I think mussels are a great seafood to eat, and if you live near saltwater they are probably in your diet already but for those of us that are landlocked it is not such a common thing. I live in Chicago which is right on Lake Michigan but that's not where I get my mussels. Mind you there are eatable freshwater mussels in Illinois' rivers and it is on my radar to find and harvest a few, but this post is about the mussels that are farmed as well as being so abundant in the worlds oceans.
Being in Chicago the mussels that I get are going to already be dead, this is not as desirable as the alternative, them being alive. The fact that they are dead already means we have lost freshness and we need to be real careful with cracked or broken shells. There is also a lot of writing about being a bit of a stickler when it comes to shells that are open also, and if I was worried about food borne illness I would. The fact is, because I am on the Wahls Paleo Plus diet, and eat a lot of lacto-fermented vegetables, I don't feel like I am susceptible to a whole lot of food borne illness. If you are not as confident in your system you may want to toss cracked shells as well as the ones that are slightly ajar.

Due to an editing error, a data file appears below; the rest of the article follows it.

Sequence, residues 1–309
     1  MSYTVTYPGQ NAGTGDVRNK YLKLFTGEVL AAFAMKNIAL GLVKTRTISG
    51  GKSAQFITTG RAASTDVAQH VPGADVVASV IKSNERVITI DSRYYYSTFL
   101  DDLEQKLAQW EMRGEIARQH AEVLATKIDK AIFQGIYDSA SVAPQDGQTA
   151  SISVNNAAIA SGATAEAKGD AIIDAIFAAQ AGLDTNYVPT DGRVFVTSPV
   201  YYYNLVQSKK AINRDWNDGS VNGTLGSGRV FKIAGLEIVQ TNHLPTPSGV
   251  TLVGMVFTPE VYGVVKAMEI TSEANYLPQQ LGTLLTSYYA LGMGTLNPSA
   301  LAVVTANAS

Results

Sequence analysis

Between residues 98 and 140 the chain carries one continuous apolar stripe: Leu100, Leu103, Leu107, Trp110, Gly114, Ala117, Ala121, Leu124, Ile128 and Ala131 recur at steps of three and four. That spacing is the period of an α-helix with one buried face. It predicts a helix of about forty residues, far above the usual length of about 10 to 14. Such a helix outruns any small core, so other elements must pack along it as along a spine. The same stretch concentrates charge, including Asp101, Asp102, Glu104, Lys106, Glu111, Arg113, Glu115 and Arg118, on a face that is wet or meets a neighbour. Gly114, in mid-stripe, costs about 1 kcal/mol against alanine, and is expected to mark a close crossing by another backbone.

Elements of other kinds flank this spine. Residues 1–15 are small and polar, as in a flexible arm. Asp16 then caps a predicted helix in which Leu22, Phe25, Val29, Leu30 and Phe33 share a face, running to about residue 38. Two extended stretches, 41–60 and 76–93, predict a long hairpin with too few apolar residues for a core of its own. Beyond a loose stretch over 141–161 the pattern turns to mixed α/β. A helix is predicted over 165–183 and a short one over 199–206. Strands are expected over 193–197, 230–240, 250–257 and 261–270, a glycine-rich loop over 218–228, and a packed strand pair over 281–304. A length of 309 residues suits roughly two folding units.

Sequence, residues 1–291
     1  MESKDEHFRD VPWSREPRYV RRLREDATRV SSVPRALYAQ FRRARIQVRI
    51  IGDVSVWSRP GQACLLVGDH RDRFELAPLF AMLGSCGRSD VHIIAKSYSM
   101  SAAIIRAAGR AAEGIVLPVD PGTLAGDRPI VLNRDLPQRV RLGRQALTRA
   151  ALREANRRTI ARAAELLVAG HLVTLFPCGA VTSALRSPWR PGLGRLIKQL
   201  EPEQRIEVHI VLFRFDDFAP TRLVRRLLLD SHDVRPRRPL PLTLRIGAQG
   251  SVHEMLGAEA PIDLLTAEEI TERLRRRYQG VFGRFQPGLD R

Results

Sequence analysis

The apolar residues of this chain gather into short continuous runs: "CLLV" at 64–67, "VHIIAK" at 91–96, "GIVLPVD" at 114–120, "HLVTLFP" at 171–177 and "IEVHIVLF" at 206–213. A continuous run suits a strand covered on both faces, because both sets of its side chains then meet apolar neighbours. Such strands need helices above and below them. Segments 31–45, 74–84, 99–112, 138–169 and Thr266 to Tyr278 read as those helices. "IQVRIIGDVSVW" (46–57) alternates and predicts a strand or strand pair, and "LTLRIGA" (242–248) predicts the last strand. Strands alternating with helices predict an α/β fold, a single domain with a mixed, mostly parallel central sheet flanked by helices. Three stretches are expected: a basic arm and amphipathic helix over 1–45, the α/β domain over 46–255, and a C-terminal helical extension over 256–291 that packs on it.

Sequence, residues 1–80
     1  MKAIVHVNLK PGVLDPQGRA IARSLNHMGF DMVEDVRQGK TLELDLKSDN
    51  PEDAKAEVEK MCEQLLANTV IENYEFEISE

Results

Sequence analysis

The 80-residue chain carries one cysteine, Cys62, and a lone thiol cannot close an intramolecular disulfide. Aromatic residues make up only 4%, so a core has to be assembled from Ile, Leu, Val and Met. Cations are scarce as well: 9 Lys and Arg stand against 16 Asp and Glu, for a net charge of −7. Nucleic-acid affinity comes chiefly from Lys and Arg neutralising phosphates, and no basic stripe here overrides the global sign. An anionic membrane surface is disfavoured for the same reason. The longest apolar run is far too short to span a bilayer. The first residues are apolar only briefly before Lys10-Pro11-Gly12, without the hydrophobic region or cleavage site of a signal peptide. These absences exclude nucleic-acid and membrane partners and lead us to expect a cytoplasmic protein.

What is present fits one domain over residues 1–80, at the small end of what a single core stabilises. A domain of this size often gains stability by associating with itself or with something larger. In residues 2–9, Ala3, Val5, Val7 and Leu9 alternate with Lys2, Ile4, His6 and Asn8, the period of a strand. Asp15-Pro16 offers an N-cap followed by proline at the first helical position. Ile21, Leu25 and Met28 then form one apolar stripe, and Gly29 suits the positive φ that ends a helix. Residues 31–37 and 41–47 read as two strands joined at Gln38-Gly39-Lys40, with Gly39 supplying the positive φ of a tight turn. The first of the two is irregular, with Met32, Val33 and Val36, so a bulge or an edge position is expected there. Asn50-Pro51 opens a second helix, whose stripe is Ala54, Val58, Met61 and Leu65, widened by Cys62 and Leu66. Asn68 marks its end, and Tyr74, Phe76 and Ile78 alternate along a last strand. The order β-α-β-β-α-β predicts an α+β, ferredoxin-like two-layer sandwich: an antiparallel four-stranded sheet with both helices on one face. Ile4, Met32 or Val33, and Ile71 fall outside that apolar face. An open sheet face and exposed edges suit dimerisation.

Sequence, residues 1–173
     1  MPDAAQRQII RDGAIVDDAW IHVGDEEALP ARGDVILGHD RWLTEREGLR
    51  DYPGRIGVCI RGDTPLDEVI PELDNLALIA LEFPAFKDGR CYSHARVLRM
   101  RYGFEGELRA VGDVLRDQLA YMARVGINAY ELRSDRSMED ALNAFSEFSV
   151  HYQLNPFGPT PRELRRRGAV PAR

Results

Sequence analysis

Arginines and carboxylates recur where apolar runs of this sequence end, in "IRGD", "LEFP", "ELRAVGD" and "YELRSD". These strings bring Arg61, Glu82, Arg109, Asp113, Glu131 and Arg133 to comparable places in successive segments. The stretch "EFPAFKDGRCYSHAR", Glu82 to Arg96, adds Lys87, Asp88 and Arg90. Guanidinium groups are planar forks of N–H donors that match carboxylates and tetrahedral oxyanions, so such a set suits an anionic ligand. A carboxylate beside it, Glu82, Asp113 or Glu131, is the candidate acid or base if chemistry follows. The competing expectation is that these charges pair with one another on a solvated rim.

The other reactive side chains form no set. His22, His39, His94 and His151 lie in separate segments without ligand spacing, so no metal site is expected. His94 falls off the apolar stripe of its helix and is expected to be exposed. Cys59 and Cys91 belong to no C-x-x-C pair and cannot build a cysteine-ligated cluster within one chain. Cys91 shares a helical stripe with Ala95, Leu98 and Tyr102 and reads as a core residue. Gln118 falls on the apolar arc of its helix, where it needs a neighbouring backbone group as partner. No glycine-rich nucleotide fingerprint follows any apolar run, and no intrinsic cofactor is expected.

I go through them and clean them a bit, pulling their beards and rubbing off any barnacles under running water. This is the most time consuming part of the whole cooking process for these little buggers because once this is done all you have to do is bring a cup of water in a pot on the stove to a boil and dump them in.
A lot of people think that seafood like this is rubbery, let me clarify that issue right off the bat. If you eat Clams, Mussels, Squid, Octopus, or any of those things that often get called "rubbery" when describing it, it was just overcooked. For some things, like octopus, it could also be under-cooked but that is a much rarer issue.
Mussels can be eaten pert near alone but you will want to supplement your meal with some veggies and a salad to keep your diet plan up and running. One of the best things about mussels is that it is communal, you start your meal with a few on your plate and end up just cracking them open after everything else has been eaten while just chatting at the table with all those loved ones you have decided to share this meal with. I had the pleasure of sharing it with a lovely women for New England who told me all about her experiences eating fresh mussels growing up.
Here is a pic of the dinner I shared. In the foreground you can see the cauliflower I fried in clarified butter, which, incidentally, I also used to dunk my mussels in. I can not find one "bad" thing in this dinner, maybe the fact that I can not eat it every night, but I wouldn't want to do that anyway because variety is the spice of life.
What are you making? Are you on a Paleo Plan? How can I be adding variety to my diet, I know I have plenty but I am always looking for more, send me suggestions and ideas, lets talk.